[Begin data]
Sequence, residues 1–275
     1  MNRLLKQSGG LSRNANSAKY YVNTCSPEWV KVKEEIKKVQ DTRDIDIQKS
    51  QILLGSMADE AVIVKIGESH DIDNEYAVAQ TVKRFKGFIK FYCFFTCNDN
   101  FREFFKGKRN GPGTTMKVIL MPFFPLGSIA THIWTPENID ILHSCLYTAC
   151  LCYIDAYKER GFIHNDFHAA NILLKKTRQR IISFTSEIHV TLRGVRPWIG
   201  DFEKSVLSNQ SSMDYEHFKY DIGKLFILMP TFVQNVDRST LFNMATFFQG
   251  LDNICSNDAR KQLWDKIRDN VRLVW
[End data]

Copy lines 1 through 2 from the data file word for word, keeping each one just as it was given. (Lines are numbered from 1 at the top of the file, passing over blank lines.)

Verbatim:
Sequence, residues 1–275
     1  MNRLLKQSGG LSRNANSAKY YVNTCSPEWV KVKEEIKKVQ DTRDIDIQKS